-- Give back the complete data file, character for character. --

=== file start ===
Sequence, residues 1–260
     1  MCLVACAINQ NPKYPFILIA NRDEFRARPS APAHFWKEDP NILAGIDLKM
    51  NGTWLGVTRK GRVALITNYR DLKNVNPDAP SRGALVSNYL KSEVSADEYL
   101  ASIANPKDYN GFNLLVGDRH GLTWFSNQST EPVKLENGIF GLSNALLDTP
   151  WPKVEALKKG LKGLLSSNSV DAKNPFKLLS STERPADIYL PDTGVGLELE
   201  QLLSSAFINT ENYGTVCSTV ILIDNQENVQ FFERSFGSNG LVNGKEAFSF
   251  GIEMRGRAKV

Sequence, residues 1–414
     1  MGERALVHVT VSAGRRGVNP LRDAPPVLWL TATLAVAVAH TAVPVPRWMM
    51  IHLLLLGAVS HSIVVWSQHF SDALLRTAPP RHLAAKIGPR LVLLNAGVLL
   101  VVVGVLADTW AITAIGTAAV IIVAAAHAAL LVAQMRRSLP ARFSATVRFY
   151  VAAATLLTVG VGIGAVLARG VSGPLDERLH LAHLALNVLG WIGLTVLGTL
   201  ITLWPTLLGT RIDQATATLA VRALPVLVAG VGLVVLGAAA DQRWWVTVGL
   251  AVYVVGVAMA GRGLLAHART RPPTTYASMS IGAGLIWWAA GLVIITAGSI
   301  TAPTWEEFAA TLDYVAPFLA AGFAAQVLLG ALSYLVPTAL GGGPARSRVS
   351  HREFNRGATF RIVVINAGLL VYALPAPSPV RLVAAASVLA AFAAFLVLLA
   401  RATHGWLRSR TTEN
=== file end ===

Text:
Sequence, residues 1–260
     1  MCLVACAINQ NPKYPFILIA NRDEFRARPS APAHFWKEDP NILAGIDLKM
    51  NGTWLGVTRK GRVALITNYR DLKNVNPDAP SRGALVSNYL KSEVSADEYL
   101  ASIANPKDYN GFNLLVGDRH GLTWFSNQST EPVKLENGIF GLSNALLDTP
   151  WPKVEALKKG LKGLLSSNSV DAKNPFKLLS STERPADIYL PDTGVGLELE
   201  QLLSSAFINT ENYGTVCSTV ILIDNQENVQ FFERSFGSNG LVNGKEAFSF
   251  GIEMRGRAKV

Sequence, residues 1–414
     1  MGERALVHVT VSAGRRGVNP LRDAPPVLWL TATLAVAVAH TAVPVPRWMM
    51  IHLLLLGAVS HSIVVWSQHF SDALLRTAPP RHLAAKIGPR LVLLNAGVLL
   101  VVVGVLADTW AITAIGTAAV IIVAAAHAAL LVAQMRRSLP ARFSATVRFY
   151  VAAATLLTVG VGIGAVLARG VSGPLDERLH LAHLALNVLG WIGLTVLGTL
   201  ITLWPTLLGT RIDQATATLA VRALPVLVAG VGLVVLGAAA DQRWWVTVGL
   251  AVYVVGVAMA GRGLLAHART RPPTTYASMS IGAGLIWWAA GLVIITAGSI
   301  TAPTWEEFAA TLDYVAPFLA AGFAAQVLLG ALSYLVPTAL GGGPARSRVS
   351  HREFNRGATF RIVVINAGLL VYALPAPSPV RLVAAASVLA AFAAFLVLLA
   401  RATHGWLRSR TTEN